1993-03-11 - HIDE: embedding msgs into snd & graphics

Header Data

From: The Phantom <phantom@u.washington.edu>
To: cypherpunks@toad.com
Message Hash: 4454854e7490e0d06fe661adb83a8ead30659cf5158fee95315847c16530feea
Message ID: <Pine.3.05.9303111113.B29695-b100000@stein2.u.washington.edu>
Reply To: N/A
UTC Datetime: 1993-03-11 19:57:02 UTC
Raw Date: Thu, 11 Mar 93 11:57:02 PST

Raw message

From: The Phantom <phantom@u.washington.edu>
Date: Thu, 11 Mar 93 11:57:02 PST
To: cypherpunks@toad.com
Subject: HIDE: embedding msgs into snd & graphics
Message-ID: <Pine.3.05.9303111113.B29695-b100000@stein2.u.washington.edu>
MIME-Version: 1.0
Content-Type: text/plain

writes uri@watson.ibm.com:
Yes, a very valid point.  But it seems to me, that Random Data
claim is the best, with the highest chances to keep one out of
trouble (if anything can :-).

The algorithm? Oh, sorry, but it's a HARDWARE random data generator!
And if it's truly good random gen, there are no patterns to track...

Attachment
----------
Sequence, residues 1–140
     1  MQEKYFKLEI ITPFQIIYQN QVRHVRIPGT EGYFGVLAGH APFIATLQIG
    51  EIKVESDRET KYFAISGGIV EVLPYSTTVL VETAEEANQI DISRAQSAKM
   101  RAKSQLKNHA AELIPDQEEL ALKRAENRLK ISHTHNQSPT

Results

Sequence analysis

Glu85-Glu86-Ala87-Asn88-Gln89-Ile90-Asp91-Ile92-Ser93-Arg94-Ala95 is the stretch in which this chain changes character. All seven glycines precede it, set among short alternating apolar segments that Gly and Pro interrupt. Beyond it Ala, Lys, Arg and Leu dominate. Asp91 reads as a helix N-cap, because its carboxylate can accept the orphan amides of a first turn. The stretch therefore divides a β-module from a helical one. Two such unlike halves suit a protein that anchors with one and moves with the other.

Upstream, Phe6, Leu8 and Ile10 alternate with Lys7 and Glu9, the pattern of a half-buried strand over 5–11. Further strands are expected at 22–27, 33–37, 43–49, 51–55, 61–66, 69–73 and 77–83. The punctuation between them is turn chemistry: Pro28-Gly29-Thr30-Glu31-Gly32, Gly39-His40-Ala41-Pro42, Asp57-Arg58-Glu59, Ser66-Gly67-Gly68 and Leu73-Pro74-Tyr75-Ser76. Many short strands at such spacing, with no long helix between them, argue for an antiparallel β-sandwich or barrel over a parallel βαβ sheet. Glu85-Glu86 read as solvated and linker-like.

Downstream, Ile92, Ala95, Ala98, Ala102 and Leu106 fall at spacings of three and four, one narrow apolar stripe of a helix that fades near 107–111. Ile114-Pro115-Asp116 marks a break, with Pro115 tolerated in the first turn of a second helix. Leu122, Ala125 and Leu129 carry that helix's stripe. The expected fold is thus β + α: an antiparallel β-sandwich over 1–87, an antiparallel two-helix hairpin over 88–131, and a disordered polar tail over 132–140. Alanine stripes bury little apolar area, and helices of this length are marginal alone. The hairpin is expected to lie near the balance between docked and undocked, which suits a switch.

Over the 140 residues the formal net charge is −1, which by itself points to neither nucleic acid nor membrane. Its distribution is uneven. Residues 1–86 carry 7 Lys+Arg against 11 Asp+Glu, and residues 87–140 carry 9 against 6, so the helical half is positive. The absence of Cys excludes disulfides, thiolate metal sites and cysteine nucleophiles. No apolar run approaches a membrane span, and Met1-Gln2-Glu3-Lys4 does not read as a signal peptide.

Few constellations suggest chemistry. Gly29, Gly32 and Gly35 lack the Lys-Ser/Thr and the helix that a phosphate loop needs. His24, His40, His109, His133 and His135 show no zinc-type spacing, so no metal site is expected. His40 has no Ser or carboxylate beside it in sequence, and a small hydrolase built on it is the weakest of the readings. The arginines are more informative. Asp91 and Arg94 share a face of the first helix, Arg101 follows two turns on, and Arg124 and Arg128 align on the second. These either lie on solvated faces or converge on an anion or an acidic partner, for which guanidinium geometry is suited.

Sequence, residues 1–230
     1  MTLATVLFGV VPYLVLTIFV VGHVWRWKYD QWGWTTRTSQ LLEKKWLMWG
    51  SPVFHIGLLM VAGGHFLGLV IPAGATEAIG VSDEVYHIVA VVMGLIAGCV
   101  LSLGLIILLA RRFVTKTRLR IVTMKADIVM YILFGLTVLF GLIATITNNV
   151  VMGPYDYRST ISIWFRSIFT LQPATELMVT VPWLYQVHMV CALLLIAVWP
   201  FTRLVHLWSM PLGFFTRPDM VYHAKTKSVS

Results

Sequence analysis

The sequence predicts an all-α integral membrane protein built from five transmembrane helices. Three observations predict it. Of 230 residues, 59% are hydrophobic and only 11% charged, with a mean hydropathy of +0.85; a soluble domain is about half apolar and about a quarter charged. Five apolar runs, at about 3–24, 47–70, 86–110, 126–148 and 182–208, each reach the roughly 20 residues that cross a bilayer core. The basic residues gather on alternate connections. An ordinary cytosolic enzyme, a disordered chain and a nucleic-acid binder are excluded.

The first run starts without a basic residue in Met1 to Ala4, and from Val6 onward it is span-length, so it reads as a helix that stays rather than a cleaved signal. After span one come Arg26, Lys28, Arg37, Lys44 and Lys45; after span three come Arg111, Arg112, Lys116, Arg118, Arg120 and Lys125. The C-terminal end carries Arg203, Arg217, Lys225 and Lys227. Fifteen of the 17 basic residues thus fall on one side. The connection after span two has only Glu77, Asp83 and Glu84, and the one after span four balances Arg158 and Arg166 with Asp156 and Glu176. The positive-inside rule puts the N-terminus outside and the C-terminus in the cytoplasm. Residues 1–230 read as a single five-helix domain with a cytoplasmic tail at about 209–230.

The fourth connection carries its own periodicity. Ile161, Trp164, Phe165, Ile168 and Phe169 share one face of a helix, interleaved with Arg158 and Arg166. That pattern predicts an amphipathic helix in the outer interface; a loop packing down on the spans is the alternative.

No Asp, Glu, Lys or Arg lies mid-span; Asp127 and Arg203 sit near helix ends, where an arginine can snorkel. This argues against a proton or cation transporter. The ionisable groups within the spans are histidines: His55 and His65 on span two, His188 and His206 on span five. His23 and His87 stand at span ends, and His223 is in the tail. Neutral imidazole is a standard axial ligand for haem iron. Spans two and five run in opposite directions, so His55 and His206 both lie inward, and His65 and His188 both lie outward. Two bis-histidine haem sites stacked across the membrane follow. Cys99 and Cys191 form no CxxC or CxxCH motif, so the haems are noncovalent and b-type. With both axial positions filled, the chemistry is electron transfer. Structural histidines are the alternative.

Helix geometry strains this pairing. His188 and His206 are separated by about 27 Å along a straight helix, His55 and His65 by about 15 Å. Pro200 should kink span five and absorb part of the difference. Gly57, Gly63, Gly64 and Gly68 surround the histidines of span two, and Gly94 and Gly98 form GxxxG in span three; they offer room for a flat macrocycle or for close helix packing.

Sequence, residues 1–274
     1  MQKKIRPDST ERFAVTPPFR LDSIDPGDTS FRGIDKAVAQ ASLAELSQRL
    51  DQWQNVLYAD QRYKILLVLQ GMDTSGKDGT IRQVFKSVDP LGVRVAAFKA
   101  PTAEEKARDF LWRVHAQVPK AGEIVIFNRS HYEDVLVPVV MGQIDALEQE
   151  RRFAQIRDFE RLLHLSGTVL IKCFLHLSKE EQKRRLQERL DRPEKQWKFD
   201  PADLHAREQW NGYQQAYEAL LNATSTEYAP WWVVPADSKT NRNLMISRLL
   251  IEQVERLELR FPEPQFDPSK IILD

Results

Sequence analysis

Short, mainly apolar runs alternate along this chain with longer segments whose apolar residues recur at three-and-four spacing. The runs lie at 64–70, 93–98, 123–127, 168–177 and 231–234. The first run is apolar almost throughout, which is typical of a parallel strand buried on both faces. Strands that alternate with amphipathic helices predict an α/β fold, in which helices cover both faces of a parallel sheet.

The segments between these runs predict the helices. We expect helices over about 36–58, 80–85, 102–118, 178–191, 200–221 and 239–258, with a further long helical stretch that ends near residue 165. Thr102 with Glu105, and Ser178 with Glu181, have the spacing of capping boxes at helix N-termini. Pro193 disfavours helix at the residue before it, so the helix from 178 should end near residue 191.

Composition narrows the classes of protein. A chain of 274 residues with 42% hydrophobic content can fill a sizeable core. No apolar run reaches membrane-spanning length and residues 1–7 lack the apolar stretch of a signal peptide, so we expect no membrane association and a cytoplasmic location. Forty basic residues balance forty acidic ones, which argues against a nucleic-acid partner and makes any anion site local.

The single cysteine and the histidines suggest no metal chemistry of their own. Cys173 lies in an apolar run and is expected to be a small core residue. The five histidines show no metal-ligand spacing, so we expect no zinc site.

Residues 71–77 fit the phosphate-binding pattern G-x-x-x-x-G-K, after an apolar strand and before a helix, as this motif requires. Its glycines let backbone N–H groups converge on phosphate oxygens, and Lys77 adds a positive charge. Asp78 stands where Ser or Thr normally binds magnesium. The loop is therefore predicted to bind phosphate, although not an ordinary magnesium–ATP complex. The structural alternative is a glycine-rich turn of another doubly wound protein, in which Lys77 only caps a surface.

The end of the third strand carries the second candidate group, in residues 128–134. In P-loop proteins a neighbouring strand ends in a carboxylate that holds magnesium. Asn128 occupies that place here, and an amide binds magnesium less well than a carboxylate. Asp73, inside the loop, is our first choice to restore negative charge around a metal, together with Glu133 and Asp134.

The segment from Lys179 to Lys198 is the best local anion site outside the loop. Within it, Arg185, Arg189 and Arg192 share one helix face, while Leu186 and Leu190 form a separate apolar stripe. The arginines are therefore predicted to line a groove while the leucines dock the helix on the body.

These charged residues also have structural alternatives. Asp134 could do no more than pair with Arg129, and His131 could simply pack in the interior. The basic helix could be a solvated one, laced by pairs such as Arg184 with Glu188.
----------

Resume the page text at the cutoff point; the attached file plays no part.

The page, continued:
One can use it to create huge one-time pads, BTW...   "Salt" some of
the encrypted (or plaintext :-) messages with those...

Yes? Hardware? Well, then, where is the piece of hardware you used, then?
It seems this falls to the Big Brother 'where is the algorithm' test even
harder, as it is a physical piece of equipment.

It seems to me that if I were an agent and I were looking for
transmissions from an individual and I saw him sending out 10 copies of
the `Rocky & Bullwinkle Show' intro per week, I'd look into those, even
though they seem normal enough. When I checksummed them and they didn't
match, I'd be more than suspicious: I'd start stripping the lower bits
off. If I knew that the suspect used PGP and RIPEM, I'd most certainly try
and push the output through them, if they weren't plainly recognizable.

Seems to me that the best thing to hide pgp in would be a low-quality
host-medium (lots of noise!) that changes frequently, so the checksumming
cannot occur against the same message. The low quality could also be
attained by pushing more of your message into the host; maybe alternating
between the 8th bit and another bit. In any case, I don't think that the
host should be a stable one (frequently used) or one that can be easily
compared to the original.


Matt Thomlinson
University of Washington, Seattle, Washington.
Internet: phantom@u.washington.edu      	    phone: (206) 528-5732
PGP 2.2  key available via email or finger phantom@hardy.u.washington.edu